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Lesson Transcript

Hello, and welcome to the Culture Class- Holidays in Greece Series at GreekPod101.com. In this series, we’re exploring the traditions behind Greek holidays and observances. I’m Michael, and you're listening to Season 1, Lesson 9- “Palm Sunday.” In Greek, it's called [Κυριακή των Βαΐων]
On the last Sunday before Easter we celebrate Palm Sunday in remembrance of the triumphal entry of Jesus Christ into Jerusalem. In Greek, Jesus Christ is called [Ιησούς Χριστός].
According to the Scriptures, Christ arrived in Bethlehem riding a donkey, and was met with crowds of Jews welcoming him, cheering and holding palm branches or in Greek [βάγια].
In this lesson, you will learn some of the customs that are performed in various regions of Greece on Palm Sunday.
Now, before we get into more detail, do you know the answer to this question-
Why did the Jews welcome Jesus into Jerusalem with such enthusiasm?
If you don't already know, you’ll find out a bit later. Keep listening.
On Palm Sunday, temples or [ναοί] in Greek are decorated with palm branches. After the end of the liturgy, palm branches plaited in the shape of a cross, or [σταυρός] are given out to members of the congregation. These cross-shaped branches are then placed in the icon corner, or behind doors as protection against evil. An icon corner is a small worship space in homes, similar to an altar, where religious icons, a vigil oil lamp, or other religious items are placed. In regions where palm trees don’t grow, branches from olive, laurel, or willow trees are used instead. These plants symbolized victory for the ancient Greeks and Romans, and still maintain that image today. The branches bear a separate meaning for the Jews, who see them instead as symbols of immortality and eternity. The little donkey, or [γαϊδουράκι] in Greek also symbolizes peace, in contrast to the horse, which bears the opposite symbolism of war. The Greek word for “peace” is [ειρήνη].
In the old days, churches or [εκκλησίες] were supplied with palm branches by newlywed couples, because the gesture was thought to bring luck upon their marriage. It was also believed that palm branches held seminal and healing powers, which led many to hang them on fruit trees in hopes of helping the plant to bear healthy fruit and keeping the fruit from getting chewed by insects. These seminal and healing powers were also thought to be transferrable to people when one person would touch another using a palm branch, bringing about this well-known custom of "palm-hits" or in Greek [βαγιοχτυπήματα]. Over time, more and more women could be observed performing this custom, as well as children, who practiced this in imitation of adults. An example of this can be found in Thrace, where women touch pregnant women with palm branches, in the hopes of making the upcoming childbirth painless.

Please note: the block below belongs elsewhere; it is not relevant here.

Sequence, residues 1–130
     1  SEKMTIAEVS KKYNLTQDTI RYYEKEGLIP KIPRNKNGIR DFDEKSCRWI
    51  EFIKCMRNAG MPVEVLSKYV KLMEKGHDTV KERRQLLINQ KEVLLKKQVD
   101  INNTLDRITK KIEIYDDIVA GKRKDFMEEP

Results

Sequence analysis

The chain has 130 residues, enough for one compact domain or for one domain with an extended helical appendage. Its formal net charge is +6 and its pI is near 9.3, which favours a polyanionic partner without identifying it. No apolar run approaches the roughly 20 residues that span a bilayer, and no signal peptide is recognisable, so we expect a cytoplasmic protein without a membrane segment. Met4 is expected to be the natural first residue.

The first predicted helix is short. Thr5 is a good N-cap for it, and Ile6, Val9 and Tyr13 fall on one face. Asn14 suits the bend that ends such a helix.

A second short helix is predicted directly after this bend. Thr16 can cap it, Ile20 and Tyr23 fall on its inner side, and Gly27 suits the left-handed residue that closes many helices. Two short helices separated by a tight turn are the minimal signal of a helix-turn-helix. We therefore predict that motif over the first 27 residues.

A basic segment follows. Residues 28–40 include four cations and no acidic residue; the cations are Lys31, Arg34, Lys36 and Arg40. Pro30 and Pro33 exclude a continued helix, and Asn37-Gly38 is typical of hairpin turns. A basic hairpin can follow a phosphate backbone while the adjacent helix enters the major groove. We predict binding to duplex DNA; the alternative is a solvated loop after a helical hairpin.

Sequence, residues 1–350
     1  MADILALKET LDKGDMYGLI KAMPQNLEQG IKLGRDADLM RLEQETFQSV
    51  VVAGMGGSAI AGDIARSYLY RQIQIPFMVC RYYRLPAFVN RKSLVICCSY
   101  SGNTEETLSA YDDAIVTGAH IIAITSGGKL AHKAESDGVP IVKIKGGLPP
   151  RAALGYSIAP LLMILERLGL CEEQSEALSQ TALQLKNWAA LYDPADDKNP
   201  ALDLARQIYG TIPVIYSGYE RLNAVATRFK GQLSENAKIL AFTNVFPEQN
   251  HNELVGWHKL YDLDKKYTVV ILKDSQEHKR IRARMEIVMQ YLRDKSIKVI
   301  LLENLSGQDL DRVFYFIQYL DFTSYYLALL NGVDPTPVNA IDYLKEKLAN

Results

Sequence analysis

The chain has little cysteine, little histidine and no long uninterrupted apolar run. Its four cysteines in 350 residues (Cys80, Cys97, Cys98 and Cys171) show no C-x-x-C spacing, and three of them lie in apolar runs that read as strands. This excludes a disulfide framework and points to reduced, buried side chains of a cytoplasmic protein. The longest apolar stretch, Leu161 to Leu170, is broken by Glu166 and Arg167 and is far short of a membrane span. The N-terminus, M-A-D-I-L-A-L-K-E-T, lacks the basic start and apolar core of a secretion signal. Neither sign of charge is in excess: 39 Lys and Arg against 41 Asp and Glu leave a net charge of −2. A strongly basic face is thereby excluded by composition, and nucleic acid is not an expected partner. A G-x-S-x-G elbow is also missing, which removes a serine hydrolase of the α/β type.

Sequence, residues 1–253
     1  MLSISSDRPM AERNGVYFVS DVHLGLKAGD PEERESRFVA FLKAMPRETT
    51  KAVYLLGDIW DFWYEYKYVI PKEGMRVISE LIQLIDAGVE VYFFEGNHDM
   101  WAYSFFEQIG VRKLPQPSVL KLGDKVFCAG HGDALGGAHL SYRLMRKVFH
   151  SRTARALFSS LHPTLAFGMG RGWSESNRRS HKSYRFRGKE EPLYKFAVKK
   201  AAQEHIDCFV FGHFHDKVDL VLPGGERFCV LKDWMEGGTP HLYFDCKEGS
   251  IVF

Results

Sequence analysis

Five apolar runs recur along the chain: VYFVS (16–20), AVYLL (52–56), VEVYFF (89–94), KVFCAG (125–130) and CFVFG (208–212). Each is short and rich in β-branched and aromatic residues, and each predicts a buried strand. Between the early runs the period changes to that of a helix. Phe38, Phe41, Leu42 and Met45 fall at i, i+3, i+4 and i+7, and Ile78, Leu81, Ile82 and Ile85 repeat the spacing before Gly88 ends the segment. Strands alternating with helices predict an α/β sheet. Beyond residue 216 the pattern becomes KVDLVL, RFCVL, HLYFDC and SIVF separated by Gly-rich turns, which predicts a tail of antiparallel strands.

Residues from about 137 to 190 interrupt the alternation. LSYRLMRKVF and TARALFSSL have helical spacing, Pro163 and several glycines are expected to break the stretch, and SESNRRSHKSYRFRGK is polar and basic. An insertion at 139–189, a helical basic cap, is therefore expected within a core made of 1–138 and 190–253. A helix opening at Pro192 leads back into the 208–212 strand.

Girls used to also make wreaths in groups using palm branches, to which they would attach a red string. When they were finished, they would all go down to the stream singing, and throw the wreaths into the water. The girls would watch as the wreaths were carried away by the stream, waiting to see whose wreath would go out of sight first. Whoever’s wreath was the first to go would invite the rest of the girls over to her house, where she would lead them in dancing and singing.
Now it's time to answer our quiz question-
Why did the Jews welcome Jesus into Jerusalem with such enthusiasm?
This is because a few days prior, Jesus had performed the miracle of the resurrection of Lazarus. The news spread quickly, and brought many Jews to welcome Jesus into Jerusalem appreciatively "with palm leaves and branches". The church celebrates the resurrection of Lazarus on the Saturday before Palm Sunday.
How did you like this lesson? Did you learn anything interesting?
Do palm branches have a special meaning in your country like they do in Greece?
Leave us your comments on GreekPod101.com, and we'll see you in the next lesson.

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Do palm branches have a special meaning in your country like they do in Greece?